Commercial Cucumber Plant Trial

Soliculture greenhouse photovoltaic panels give growers a second harvest of electricity without impacting plant growth


Soliculture (Scotts Valley, California) has released a new type of commercial greenhouse panel that both improves light quality by amplifying colors that are beneficial to plants and generates electricity with no loss to production. Soliculture has completed 3 years of commercial plant growth trials including vegetables, ornamentals, cut flowers, and berries that have shown that these panels mounted directly above crop production have neutral to positive effects on plant growth.

Positive effects have ranged from early maturation, disease resistance, and longer production time. Electricity generated by the panels can completely offset the electricity needs of the greenhouse and other electricity intensive equipment like coolers, pumps and supplemental lighting. The low incremental cost of installing the panels in a new greenhouse enables a payback time shorter than a conventional solar panel array.

Soliculture panels are the only photovoltaic panel on the market that enables the coexistence of agriculture and electricity production providing a solution to the ongoing land use debate of solar vs. agriculture. The panels enhance light quality and increase power generation by absorbing green light that plants don’t absorb efficiently, and converting it to red light. This attribute allows the panels to wavelength-selectively shade crops. The reduced intensity of green light onto the crops has been shown to reduce leaf temperature, and reduce stress. The enhanced red light improves light quality by better matching the photosynthetic response. The enhanced red light also increases the power output of solar cells embedded in the panels. Soliculture has partnered with Solaria Inc (Fremont, California) to use their proprietary solar cell singulation technology to harvest solar energy while removing a minimum amount of light from the crops. Solaria brings 12 years of photovoltaic manufacturing, reliability and systems experience to the product that is built in the USA.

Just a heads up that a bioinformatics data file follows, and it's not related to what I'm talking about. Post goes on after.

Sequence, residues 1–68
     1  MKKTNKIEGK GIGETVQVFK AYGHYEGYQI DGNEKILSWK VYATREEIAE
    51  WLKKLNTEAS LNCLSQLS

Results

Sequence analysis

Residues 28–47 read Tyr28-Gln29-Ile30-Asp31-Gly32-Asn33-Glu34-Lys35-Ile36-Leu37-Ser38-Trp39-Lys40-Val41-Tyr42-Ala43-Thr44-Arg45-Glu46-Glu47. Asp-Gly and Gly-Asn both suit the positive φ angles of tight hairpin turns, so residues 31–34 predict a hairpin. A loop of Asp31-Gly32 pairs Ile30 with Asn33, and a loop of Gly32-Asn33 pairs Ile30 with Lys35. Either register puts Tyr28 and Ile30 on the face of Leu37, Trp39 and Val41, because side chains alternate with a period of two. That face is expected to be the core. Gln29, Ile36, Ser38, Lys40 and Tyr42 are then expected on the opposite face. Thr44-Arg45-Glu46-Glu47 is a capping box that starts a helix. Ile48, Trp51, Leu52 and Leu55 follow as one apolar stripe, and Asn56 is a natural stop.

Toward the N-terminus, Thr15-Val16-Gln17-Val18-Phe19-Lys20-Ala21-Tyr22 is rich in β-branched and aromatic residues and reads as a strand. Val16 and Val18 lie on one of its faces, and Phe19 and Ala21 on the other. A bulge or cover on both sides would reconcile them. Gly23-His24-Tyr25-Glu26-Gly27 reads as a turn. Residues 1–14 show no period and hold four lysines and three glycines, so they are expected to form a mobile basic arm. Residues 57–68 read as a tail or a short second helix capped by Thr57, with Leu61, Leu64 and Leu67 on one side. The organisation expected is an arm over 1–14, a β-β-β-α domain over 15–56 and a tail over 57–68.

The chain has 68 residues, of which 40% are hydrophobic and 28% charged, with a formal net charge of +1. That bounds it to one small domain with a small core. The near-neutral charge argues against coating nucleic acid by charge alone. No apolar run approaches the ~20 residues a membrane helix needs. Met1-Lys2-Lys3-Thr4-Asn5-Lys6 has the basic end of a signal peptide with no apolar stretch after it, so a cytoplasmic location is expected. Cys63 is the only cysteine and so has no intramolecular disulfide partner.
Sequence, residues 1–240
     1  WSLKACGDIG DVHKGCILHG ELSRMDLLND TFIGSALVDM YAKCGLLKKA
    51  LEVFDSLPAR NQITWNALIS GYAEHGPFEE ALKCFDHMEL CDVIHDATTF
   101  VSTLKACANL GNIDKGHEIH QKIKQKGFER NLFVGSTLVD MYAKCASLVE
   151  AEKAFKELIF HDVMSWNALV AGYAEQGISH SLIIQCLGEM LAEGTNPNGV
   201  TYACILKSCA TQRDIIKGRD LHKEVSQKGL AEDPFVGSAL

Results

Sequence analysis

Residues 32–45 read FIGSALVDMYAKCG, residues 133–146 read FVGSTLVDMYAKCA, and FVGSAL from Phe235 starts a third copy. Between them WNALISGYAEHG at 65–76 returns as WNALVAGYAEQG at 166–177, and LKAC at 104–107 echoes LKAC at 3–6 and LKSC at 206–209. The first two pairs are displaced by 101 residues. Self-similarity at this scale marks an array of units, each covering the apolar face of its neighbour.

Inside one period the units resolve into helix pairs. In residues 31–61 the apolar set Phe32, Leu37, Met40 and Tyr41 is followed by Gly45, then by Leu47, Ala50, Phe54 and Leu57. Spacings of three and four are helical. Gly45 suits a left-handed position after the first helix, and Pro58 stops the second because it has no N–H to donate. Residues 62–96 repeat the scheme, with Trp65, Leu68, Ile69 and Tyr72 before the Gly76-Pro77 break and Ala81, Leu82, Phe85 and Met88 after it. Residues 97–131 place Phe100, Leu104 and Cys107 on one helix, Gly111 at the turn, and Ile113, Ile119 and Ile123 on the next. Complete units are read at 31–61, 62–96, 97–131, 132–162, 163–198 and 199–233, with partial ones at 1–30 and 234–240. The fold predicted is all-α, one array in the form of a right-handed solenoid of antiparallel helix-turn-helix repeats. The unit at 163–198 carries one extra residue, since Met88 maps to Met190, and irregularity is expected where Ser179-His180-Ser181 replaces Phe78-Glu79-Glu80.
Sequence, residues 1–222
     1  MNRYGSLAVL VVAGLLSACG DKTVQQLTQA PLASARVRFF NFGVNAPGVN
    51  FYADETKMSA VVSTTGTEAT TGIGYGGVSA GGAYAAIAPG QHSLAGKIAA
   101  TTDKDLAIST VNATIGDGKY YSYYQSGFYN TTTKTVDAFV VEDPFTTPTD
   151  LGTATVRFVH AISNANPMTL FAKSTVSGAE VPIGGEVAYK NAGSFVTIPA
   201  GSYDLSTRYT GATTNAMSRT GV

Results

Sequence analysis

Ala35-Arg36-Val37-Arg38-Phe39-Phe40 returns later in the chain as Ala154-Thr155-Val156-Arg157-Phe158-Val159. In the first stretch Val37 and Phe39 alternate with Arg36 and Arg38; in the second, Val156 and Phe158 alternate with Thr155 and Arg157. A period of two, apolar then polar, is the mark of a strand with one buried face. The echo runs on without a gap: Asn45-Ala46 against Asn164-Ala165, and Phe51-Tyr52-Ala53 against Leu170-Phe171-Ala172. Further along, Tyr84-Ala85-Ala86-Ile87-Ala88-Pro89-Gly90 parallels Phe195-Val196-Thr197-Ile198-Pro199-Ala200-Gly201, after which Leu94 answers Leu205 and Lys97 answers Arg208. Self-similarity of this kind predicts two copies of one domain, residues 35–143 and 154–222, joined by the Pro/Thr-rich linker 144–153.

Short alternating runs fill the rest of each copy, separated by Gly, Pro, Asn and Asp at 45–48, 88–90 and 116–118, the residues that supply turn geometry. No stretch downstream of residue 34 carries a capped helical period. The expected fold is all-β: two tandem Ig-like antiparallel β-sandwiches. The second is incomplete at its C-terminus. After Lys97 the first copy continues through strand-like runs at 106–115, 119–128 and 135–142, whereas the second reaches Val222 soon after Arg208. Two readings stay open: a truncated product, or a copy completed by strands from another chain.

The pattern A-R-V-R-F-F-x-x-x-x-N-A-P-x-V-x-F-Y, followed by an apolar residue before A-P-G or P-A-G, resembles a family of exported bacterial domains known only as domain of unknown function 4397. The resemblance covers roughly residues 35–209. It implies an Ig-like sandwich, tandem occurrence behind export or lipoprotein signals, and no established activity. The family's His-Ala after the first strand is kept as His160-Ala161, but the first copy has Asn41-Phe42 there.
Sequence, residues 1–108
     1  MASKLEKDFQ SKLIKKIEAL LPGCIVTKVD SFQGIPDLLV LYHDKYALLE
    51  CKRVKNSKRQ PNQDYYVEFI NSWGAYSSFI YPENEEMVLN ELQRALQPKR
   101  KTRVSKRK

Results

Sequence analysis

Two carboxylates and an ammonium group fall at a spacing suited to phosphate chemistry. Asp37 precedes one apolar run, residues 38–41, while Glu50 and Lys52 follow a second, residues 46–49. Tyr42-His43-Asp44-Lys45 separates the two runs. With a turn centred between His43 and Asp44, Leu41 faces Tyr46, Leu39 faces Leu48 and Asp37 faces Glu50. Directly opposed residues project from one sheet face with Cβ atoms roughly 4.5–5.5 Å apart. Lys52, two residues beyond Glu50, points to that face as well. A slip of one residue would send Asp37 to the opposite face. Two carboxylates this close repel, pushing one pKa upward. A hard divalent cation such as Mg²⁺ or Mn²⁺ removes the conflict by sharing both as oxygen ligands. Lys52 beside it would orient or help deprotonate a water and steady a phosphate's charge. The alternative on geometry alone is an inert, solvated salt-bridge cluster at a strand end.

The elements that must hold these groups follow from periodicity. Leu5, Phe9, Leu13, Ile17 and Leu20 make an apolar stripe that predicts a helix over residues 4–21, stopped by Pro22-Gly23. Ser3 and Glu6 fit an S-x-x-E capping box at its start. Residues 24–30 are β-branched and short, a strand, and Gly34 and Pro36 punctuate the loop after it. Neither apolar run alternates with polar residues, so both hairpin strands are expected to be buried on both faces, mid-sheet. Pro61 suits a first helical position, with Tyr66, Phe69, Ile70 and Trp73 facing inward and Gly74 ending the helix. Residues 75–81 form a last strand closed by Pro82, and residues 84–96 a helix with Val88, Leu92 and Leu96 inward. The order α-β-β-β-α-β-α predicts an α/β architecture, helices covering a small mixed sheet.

8 kW GIPV installation in Watsonville, CA.
8 kW GIPV installation in Watsonville, CA.


Integrating Soliculture’s solar panels into greenhouses is a win-win. The majority of conventional solar power cost is racking and installation, but there is no additional racking needed when solar panels are integrated into the greenhouse structure itself. Furthermore, when installed during new greenhouse construction, solar panel installation labor is essentially free. The federal solar tax credit of 30% of the total project cost includes the greenhouse structure, as it is the racking system for the panels. This tax credit will extend through the end of 2016, and then likely be reduced to 10%. The power generation revenue from the panels ranges from $0.75 to $3 per sq. ft. of greenhouse space, depending on the electricity rates and solar irradiance.

About Soliculture: Dr. Glenn Alers formed Soliculture in 2012 using technology developed in Professor Sue A. Carter’s physics laboratory at the University of California, Santa Cruz. The team collaborated with plant physiologists and professional growers to optimize the solar panel transmission spectrum for photosynthesis. Since 2012, Soliculture has performed plant trials at over ten different greenhouse locations, from high light areas like southern California to low light areas in Alberta, Canada. In 2015, Soliculture partnered with Solaria for the unique synergy between Solaria’s proprietary cell processing technology and Soliculture’s plant-optimized Luminescent Solar Concentrator (LSC) technology.

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About Solaria Corporation: Solaria Corporation is a solar technology company that is paving the way for decentralized, clean power generation through optimized solutions for a range of applications. Solaria designs, manufactures and markets high-efficiency silicon PV modules and systems for rooftop, utility, building facades, and greenhouses. Solaria headquarters are in California. For more information, please visit

If you have questions about specific crop trials or would like a quote for a system, email